When I grew up, persecution was a dark and powerful force--the frightening oppression of a group of people whose origins, race, class system, or religion were systematically abused by those in power.
But today if you’re an American teenager, you can easily own a share of such suffering.
We know that the narrative of suffering is one of literature’s most enduring archetypes. Nearly every fairy tale or legend has at its core an element of persecution. Whether it’s Cinderella herself, rapper Eminem, or the narrator in Dave Pelzer’s bestseller A Child Called It, the suffering narrative speaks to teenagers in particular because, by comparison, they probably feel relieved to know that their own lives are not as lousy they thought.
Lately, however, the suffering narrative has become a slick marketing campaign for everything from LGBT power to a cheaply made T-shirt. Apparently, whatever you want to sell to teenagers, especially an ideology, is best sold when it’s shrink wrapped in persecution.
I have three teenagers in my own house, and I hang out with 150 more every day. As I’ve come to know, the intensity of their transition from child to adult allows them to feel more deeply than the average adult. Their lives are a rotating pattern of love-fear-hope (that, quite frankly, often depends upon how they answer the question: “Who’s your daddy?”)The teenagers I know are suspicious of over-achievers, jealous of the beautiful, scared of total losers, but sympathetic toward the marginalized. We want you to be popular, but not too much; if you don’t suffer like we do, we might not like you anymore.
Marketers have seized this opportunity and some of them aren’t selling products, but ideas. Shows like Glee create entire campaigns around persecution (think Slushie in the face). The idea that we should love and accept everyone is an unarguable narrative, so producers are keen to the idea of bundling their own ideology with softer products. To feel compassion for the plight of a paraplegic must be the same as showing compassion for a drag queen, right? Aren’t they all the same?
The nuances of life are lost on some teenagers. Sad things out of their control (divorced parents, a health crisis, poverty) get bundled together with sad things in their control (sexual irresponsibility, self-destruction, rebellion) until pretty soon all victims are identical, all choices given a “You go, girl” fist bump. We seem to be afraid to tell our children that some persecution is indulgent--just a cheap way to legitimize our choices. Lady Gaga knows the secret formula. She has made millions from her fans (“Little Monsters” she calls them) by becoming a power symbol for “self-professed freaks of the universe” (her words). When she sings “I was born this way,” she’s not just championing her sexual orientation, but creating an entire industry that elevates suffering over wholeness. When kids hear break-up songs like “Jar of Hearts,” they rally around each other’s pain, but rarely reconsider the stupidity that might have led them to sleeping with a loser in the first place. When my low-achieving students show me their trump card (“You don’t get it--my life sucks”), should I write a celebration song for them? Or should I instead give them tools to get out from under the persecution?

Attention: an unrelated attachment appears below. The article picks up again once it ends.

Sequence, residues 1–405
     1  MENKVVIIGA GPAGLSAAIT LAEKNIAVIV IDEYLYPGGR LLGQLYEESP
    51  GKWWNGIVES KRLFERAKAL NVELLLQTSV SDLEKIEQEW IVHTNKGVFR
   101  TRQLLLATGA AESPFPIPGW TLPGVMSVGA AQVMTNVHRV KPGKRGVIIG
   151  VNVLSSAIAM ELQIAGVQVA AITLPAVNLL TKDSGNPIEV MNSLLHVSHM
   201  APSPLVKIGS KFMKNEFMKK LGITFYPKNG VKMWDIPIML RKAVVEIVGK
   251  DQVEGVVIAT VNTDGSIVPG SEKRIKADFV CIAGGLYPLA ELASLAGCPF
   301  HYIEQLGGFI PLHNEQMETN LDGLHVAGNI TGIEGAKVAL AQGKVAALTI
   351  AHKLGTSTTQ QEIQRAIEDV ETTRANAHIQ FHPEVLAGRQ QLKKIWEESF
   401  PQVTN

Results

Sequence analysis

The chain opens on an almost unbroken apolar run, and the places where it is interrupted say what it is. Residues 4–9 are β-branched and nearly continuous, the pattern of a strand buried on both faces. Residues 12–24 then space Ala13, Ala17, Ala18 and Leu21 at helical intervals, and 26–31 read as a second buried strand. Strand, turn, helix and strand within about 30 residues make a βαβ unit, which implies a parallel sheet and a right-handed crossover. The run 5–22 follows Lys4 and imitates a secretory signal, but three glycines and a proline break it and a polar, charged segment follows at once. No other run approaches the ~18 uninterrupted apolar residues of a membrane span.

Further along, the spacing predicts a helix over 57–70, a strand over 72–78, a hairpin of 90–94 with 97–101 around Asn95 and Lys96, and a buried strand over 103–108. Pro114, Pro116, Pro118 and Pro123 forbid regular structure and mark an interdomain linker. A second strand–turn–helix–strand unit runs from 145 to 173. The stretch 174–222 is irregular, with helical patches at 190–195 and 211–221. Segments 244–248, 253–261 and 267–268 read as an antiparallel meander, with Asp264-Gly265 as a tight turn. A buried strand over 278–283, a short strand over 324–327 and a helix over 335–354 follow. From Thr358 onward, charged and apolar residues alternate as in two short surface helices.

There are a few variations of the theme. Disney teen star Demi Lovato has recently faced a personal crisis in her own life. Rather than dealing with her eating disorders in privacy and retreat, her handlers rushed to produce a beautiful-but-premature single entitled “Skyscraper” which tells girls everywhere that it is only others’ abuse that makes her fragile; inside she’s really just a “skyscraper” ready to rise to the sky in defiance.
The restoration narrative is a good one, for Lovato is deserving of beauty and compassion. But how does a girl become a “skyscraper”? Does she do it by rising above her circumstances with raw self-esteem and magical powers? Does she do it by giving the finger to all her detractors? Does she do it by using her fame-money to pay for the best therapy? The goosebumps an average girl feels when she hears the song might be real, but the emotion has nowhere to land.
As a believer in the life-changing power of Jesus Christ, I want to tell my children that our weaknesses, not our strengths, are precisely what God redeems. If I’m already a skyscraper, what do I need of you? What do I need of God?
If you know a teenager, remind him that persecution itself is not what gives way to strength. The competition for “most-persecuted” might sell a lot of products--and a lot of ideas--but by itself suffering does not make something good. Faith, hope, and love drive our Savior’s redemption. He is looking to restore his children to health and wholeness, not celebrate their persecution. And guess what? It won’t even cost them their allowance.